Linked by Thom Holwerda on Sat 28th Jul 2012 10:10 UTC
PDAs, Cellphones, Wireless In case you were still doubting whether or not Apple's lawsuits against Samsung were a case of 'if you can't compete, litigate', Samsung's financial results should seal the deal. The company shipped round and about 50 million smartphones, twice as many smartphones as Apple shipped. So, not only is Android doing better on smartphones than iOS, there's now also a single manufacturer outselling Apple. Oh, the next avenue for de-emphasizing this achievement has already reared its head: Samsung has a wider portfolio, and as such, the comparison isn't fair. Nonsense, of course - Volkswagen sells lots more models than, say, Mazda, but that doesn't mean you can't compare them. Maybe, just maybe, having a wide portfolio of devices to meet the various different needs of the market is simply a very good strategy. It'll be interesting to see just how much Apple can take back with the next iPhone, especially since the full potential of the Galaxy SIII hasn't been realised yet and will be accounted for in Samsung's next quarter as well. Fun, such a fight between titans. Just too bad one of the two titans plays dirty by opting for the courtroom.
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RE[2]: Lawsuits
by Tony Swash on Sun 29th Jul 2012 10:04 UTC in reply to "RE: Lawsuits"
Tony Swash
Member since:

Defensive vs. offensive. There's a difference.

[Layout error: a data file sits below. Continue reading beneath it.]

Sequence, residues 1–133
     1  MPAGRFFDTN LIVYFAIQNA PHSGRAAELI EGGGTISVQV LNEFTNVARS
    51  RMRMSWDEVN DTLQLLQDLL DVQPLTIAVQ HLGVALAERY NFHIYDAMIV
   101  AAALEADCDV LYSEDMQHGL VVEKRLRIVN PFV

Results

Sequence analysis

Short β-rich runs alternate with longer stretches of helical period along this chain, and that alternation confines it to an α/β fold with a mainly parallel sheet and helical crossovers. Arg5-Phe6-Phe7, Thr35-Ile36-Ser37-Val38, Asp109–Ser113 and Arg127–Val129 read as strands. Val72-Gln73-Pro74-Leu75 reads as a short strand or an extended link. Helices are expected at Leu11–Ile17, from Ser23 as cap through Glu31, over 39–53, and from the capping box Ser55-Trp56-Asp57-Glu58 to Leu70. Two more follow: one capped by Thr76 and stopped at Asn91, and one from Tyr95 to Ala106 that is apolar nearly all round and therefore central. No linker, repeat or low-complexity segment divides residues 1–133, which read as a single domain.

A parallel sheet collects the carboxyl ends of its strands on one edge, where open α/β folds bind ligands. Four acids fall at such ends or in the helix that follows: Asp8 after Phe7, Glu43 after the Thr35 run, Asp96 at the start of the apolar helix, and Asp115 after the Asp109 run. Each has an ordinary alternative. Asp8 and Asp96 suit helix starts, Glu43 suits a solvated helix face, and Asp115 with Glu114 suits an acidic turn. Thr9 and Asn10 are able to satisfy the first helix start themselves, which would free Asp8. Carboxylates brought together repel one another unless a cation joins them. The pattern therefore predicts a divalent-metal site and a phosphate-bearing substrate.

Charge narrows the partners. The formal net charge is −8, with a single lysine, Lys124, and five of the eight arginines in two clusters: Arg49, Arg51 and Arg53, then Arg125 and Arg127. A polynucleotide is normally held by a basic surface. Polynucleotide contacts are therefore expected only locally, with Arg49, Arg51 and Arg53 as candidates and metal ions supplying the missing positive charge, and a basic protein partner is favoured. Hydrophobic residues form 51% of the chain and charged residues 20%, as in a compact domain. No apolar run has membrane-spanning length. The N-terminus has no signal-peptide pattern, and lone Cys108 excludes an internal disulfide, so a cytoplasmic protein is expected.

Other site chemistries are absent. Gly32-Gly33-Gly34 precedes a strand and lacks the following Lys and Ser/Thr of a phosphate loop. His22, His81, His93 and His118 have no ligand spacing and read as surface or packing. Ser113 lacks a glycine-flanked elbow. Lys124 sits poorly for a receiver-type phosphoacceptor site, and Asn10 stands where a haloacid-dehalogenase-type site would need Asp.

You mean Apple is trying to defend itself against IP theft?

By the way a discussion of the full implications of Samsung's total dominance of the Android market would interesting. Presumably when Google came up with their Android strategy they thought they would be the dog wagging the OEM's tail. Now it appears they are the tail being wagged because only Samsung has made a successful business out of Android which gives them potentially very big leverage over Google and Android.

Projecting a couple of years down the road when most of the non-profitable OEMs have exited the market or when Samsung's device sales simply dwarf all other Android OEM you can see an interesting situation looming.

Given that Samsung seems to be able to make a very large and profitable business using old versions of the Android OS what's to stop them saying at some point that the latest version of the Android OS is good enough and it's time to dump Google for say Baidu in China, or Bing in the US. Or ask Google to pay them high fees to carry it's services such as search.

Irrespective of how successful Samsung is I think that Google never planned for a scenario where only one OEM ran the Android phone market and they must be at least somewhat concerned about their apparent vulnerability.

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